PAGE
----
Tosca LynchAfter obtaining an undergraduate degree in Classical Music, a BA and an MPhil in Ancient Philosophy and Classics in Italy, Tosca Lynch came to St Andrews to work with Prof. Stephen Halliwell. She completed her PhD thesis ('Training the soul in excellence' - musical theory and practice in Plato's dialogues, between ethics and aesthetics’) in 2013, which gained her a ‘Moisa Research Award’ for its outstanding scientific quality in 2014. Dr Lynch is now a post-doctoral researcher on the 'Rhythm in Archaic and Classical Greek Poetry' project, directed by Dr. Stefan Hagel, at the Institute for the Study of Ancient Culture, Austrian Academy of Sciences, Vienna. In addition to her research, she designed and ran the ‘First Moisa Summer School in Ancient Greek Music’ (Trento, 24-28 June 2014), which brought together many of the most renowned specialists in the field and attracted numerous students from eleven different countries. She organises also the annual ‘Summer Seminar in Ancient Greek and Roman music’, which celebrates its 10th edition in 2015.

Explore Tosca's research and publications


CL_pg-howleyDr Joseph Howley
, now a tenure-track Assistant Professor at Columbia University, came to St Andrews to read for the MLitt in Ancient History, before embarking on his PhD – “Intellectual narratives in the Noctes Atticae of Aulus Gellius” – under the supervision of Prof. Jill Harries and Prof. Jason Koenig. His primary interests are the intellectual culture of the Roman Empire, books and reading in the ancient world, and values of learning and knowledge more generally in antiquity."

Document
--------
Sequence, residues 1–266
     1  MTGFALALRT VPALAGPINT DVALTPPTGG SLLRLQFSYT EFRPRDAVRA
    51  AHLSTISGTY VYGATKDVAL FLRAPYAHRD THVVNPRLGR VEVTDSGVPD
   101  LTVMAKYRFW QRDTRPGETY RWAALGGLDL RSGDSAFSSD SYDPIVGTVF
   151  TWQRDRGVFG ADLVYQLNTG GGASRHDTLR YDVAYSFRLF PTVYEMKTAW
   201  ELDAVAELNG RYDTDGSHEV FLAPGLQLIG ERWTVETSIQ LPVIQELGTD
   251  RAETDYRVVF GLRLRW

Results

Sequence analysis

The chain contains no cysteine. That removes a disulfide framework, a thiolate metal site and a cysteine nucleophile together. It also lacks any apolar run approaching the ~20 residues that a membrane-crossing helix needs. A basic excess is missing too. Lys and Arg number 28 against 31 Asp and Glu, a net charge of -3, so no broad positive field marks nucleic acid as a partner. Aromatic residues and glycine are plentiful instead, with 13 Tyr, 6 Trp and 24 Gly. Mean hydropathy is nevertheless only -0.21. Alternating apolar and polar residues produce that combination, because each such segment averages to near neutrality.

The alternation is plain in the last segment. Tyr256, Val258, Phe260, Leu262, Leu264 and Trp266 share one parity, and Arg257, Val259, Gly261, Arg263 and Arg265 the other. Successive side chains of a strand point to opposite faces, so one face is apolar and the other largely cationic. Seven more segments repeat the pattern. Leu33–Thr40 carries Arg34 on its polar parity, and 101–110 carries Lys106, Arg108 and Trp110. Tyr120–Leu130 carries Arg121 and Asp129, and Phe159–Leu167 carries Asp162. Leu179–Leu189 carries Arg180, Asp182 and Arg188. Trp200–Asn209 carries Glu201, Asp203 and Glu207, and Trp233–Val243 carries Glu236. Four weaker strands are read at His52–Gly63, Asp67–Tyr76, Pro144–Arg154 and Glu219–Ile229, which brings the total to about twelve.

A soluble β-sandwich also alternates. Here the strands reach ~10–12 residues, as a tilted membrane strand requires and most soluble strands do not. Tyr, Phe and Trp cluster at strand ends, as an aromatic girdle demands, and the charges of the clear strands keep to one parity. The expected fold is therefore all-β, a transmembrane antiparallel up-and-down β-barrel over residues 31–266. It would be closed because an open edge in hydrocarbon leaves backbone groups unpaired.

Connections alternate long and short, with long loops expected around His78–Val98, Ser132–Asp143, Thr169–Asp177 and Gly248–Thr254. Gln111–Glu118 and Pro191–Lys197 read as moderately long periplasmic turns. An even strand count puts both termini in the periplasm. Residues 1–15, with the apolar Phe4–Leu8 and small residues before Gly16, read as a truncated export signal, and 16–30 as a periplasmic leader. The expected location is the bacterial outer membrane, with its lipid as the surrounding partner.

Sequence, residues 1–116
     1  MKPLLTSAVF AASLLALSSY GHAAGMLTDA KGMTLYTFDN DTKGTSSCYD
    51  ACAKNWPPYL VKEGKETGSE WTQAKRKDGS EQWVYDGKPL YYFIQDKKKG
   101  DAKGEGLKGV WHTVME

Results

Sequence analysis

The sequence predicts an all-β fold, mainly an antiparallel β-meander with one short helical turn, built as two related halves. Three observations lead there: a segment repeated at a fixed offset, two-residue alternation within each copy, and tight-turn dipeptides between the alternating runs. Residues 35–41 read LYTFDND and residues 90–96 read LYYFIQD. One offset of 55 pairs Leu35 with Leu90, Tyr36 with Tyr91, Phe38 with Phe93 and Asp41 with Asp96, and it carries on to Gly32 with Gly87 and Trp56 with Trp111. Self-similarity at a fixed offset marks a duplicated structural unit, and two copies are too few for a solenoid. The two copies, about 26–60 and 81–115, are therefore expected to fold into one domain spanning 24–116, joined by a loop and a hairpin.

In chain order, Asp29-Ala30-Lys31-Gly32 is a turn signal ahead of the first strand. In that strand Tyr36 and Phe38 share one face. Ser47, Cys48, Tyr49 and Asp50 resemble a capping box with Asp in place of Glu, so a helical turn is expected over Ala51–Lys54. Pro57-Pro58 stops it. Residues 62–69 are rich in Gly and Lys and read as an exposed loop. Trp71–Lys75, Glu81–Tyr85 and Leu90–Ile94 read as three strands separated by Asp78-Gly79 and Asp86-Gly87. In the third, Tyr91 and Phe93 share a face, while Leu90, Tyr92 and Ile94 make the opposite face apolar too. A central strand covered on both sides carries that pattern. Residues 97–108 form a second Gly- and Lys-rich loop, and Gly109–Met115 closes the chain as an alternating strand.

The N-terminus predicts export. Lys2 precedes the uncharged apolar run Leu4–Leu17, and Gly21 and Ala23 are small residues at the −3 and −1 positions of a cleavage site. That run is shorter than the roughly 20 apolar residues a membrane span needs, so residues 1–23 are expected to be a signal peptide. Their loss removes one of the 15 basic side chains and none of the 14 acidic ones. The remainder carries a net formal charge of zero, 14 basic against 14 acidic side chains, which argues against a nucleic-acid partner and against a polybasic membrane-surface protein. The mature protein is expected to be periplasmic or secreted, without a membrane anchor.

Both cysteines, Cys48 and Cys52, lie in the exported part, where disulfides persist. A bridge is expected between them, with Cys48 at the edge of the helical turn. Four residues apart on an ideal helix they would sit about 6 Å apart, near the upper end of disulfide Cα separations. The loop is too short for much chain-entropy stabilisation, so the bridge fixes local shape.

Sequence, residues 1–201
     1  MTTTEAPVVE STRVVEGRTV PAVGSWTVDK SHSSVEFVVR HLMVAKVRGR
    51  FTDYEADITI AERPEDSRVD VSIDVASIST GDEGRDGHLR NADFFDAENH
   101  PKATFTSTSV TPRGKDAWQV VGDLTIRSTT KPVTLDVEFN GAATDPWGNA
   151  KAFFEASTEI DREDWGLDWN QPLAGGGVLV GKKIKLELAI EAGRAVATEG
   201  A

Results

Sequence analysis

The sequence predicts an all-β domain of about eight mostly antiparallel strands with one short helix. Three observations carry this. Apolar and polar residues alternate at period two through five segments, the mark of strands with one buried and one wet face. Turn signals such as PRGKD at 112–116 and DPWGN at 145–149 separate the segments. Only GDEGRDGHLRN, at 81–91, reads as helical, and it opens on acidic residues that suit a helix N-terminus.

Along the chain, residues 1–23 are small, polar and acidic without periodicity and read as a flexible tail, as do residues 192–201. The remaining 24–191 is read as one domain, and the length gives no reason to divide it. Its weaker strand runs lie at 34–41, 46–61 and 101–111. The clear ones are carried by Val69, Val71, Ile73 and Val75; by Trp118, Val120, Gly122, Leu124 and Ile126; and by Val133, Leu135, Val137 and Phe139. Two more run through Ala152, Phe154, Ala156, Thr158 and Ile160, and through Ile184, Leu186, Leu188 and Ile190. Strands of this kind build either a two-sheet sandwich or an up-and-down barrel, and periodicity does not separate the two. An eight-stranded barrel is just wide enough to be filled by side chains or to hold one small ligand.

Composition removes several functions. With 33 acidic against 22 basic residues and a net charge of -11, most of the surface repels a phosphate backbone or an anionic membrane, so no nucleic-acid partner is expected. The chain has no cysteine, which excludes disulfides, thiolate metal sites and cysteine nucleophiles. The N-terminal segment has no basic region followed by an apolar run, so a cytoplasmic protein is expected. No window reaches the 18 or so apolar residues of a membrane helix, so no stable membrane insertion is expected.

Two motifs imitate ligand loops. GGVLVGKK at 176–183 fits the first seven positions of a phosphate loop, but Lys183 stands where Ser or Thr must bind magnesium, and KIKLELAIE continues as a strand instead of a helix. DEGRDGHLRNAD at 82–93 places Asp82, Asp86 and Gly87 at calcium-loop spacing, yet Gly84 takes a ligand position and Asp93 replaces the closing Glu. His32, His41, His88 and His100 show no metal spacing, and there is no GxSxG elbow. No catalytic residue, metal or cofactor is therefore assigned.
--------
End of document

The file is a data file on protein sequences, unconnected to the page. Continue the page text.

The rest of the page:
Explore Joe’s research and publications.



Spotlight on Jeremy Armstrong

Dr Jeremy Armstrong is now Senior Lecturer in Classics and Ancient History at the University of Auckland. Working with Dr Jonathan Coulston, his PhD thesis, completed in 2009, was entitled "Warlords and Generals: War and Society in Early Rome. In addition to Jeremy’s research interests in Roman warfare his new project will involve a detailed study of 5th century BC Roman political offices, with particular attention paid to the period from 452 to 443 BC.‌

Explore Jeremy’s research and publications.

Explore the research and publications of our recent graduates:
Jeremy Armstrong; Carmen Cvetkovic; Symke Haverkamp; Joseph Howley; Tosca Lynch; Trevor Mahy; Hannah Mitchell; Michael Sloan; Julietta Steinhauer; Allison Weir; Matthijs Wibier; Christos Zekas

While many of our graduates intend to pursue careers in academia, others use the research skills they have developed as a basis for careers outside of Higher Education. Recent graduates have gone into publishing, free-lance writing, secondary school teaching, the charity sector, university administration and even sommelier school. The University Careers centre aims to make sure that you get the most out of your study, and works with our postgraduates right from the beginning of their time at St Andrews to prepare for life after your research degree.

The MSt(Res)

This is a one-year degree during which students write a thesis of up to 30,000 words. Students considering applying for this degree are encouraged to contact the Director of Postgraduate Studies, particularly if they are considering taking a PhD afterwards.

The next Postgraduate Visiting Day will be in November 2017.

St Andrews is one of the top 50 universities in the world for research and teaching in the Arts and Humanities and among the top 20 for International Outlook, according to the Times Higher World University Rankings 2014/15

St Andrews ranked 2nd equal for research excellence among UK Classics departments in REF 2014.

The School of Classics invites potential research students to consult individual members of staff about their proposed topic.

Postgraduate enquiries